Before returning to Hartsville in 1990, Harriot taught in various N.C. and S.C. public schools as well as community colleges in N.J. Since then, she has served several community-based organizations in a multitude of roles. As the founding Chairperson for the Butler Heritage Foundation, Harriot was instrumental in getting the Darlington County Board of Education to deed her high school alma mater to the Foundation for restoration and preservation. In 1993, she was appointed by Governor Carroll Campbell as a charter member of the SC African American Heritage Foundation (SCAAHC) where she served as chairperson for nine years, vice-chairperson for six years and secretary for three years. Harriot currently serves as the secretary and vice chairperson for the foundation. In 2005, she stepped down as Executive Director for the Allendale County First Steps for School Readiness.
During her tenure as SCAAHC chair, she published the “African American Historic Places in South Carolina,” the “Teachers’ Guide to African American Historic Places in South Carolina” and its “Arts Integration Supplement.” In addition, Harriot also published a project identifying African American schools in S.C. titled, “How Did We Get to Now?”.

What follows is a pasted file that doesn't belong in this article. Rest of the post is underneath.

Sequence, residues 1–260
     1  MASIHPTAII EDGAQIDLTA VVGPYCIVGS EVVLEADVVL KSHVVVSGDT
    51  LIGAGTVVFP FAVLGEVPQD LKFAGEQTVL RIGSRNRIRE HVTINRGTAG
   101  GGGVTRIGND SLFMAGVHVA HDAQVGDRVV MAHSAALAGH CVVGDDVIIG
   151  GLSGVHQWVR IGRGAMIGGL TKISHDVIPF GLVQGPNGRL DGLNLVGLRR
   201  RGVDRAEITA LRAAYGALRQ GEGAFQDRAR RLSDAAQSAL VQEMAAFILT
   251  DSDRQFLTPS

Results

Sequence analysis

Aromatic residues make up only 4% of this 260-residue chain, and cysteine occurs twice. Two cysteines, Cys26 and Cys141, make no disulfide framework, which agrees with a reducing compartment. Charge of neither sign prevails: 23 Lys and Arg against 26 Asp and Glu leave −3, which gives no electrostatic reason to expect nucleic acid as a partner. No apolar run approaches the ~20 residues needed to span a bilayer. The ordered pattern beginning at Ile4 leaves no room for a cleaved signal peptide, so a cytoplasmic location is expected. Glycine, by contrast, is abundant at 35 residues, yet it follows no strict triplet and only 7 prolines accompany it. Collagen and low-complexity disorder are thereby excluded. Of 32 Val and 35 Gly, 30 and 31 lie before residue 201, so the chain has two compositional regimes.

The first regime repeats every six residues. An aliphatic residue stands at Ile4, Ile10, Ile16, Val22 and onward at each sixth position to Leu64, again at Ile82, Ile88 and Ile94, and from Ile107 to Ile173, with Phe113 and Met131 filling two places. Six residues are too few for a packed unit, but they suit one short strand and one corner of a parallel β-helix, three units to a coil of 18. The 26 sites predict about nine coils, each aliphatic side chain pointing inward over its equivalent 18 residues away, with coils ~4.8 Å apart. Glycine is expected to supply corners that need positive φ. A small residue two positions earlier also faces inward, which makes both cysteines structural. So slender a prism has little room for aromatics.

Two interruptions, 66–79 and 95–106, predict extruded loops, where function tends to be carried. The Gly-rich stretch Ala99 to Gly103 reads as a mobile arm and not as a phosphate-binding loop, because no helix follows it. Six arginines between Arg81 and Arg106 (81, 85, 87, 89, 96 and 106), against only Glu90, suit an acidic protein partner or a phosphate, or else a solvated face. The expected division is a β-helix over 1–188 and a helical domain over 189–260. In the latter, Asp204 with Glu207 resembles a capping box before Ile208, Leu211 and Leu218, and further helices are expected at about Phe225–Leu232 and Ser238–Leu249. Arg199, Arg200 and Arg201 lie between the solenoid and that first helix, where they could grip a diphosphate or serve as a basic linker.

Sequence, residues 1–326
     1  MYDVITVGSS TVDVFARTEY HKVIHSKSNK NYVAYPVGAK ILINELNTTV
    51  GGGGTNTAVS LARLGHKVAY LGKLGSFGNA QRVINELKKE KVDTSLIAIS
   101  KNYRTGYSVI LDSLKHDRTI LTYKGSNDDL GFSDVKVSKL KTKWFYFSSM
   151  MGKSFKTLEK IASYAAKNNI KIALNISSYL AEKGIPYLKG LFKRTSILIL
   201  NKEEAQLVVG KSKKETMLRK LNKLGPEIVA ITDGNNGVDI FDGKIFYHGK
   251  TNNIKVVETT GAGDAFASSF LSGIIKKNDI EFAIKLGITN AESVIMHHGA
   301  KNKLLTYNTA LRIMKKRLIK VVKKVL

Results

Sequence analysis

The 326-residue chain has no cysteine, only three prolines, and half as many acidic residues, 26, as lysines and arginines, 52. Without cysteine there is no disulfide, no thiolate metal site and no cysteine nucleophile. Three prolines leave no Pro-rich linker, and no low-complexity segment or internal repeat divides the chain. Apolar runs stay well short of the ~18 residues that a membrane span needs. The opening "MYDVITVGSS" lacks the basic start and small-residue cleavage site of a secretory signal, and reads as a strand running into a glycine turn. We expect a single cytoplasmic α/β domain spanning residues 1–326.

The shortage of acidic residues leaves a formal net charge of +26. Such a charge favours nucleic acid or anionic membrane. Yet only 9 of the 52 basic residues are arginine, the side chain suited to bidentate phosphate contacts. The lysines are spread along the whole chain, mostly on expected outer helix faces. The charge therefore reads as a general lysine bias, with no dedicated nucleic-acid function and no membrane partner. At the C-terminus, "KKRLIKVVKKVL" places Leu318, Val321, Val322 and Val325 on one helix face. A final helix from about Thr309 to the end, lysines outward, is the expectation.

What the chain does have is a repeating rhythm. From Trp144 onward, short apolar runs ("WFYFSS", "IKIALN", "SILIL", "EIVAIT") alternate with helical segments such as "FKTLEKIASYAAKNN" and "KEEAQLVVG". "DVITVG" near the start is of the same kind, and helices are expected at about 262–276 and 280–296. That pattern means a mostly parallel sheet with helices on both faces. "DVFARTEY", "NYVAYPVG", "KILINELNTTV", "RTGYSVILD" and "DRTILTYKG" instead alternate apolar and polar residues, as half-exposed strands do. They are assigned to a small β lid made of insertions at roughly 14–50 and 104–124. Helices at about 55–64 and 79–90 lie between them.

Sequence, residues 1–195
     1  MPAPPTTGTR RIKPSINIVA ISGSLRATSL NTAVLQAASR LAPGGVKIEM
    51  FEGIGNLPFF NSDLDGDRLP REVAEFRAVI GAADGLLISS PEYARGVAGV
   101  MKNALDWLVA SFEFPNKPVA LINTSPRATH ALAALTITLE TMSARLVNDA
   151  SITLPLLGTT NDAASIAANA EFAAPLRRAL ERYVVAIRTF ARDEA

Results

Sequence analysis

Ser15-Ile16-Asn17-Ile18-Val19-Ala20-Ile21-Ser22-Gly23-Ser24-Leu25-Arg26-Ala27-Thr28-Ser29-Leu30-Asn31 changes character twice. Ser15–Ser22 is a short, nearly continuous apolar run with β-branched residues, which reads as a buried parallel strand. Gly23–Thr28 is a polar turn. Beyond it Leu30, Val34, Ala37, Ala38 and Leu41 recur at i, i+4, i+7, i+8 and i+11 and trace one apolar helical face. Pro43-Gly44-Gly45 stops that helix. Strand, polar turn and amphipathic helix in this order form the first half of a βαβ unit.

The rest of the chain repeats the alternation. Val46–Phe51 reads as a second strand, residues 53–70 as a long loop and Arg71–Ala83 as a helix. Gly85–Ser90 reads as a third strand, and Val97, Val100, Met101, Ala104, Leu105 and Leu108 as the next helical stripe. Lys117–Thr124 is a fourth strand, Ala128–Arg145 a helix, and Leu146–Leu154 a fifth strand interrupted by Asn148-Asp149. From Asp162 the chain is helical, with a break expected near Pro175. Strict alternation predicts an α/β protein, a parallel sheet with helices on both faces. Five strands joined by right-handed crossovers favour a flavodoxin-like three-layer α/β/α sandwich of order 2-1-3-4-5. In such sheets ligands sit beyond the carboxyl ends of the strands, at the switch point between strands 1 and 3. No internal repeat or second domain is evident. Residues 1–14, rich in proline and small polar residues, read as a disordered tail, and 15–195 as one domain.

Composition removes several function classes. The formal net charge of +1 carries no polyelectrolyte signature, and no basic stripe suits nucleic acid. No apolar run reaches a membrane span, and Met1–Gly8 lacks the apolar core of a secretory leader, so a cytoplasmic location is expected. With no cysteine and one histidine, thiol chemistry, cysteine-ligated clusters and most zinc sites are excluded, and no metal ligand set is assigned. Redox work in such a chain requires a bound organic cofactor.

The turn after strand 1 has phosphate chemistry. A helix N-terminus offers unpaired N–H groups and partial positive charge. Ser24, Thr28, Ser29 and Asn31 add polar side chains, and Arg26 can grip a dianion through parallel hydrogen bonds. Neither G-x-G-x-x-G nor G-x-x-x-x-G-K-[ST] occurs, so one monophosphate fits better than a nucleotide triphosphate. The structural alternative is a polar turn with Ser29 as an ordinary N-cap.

She is a 2009 Purpose Prize Fellow, and in 2010, was selected as one of S.C.’s Top 100 Black Women of Influence. In 2014, the SCAAHC awarded her the Herbert A. DeCosta Jr. Trailblazer Award for her dedication to the preservation of African American history and culture in S.C. In 2018, the S.C. Conference of NAACP awarded her the Presidential Citation in Education and Advocacy. Finally, her proudest title held to date is “Aunt Jannie,” given to her by her 172 nieces, nephews, grand and great nieces, and nephews.
This article originally appeared in the Charleston Chronicle.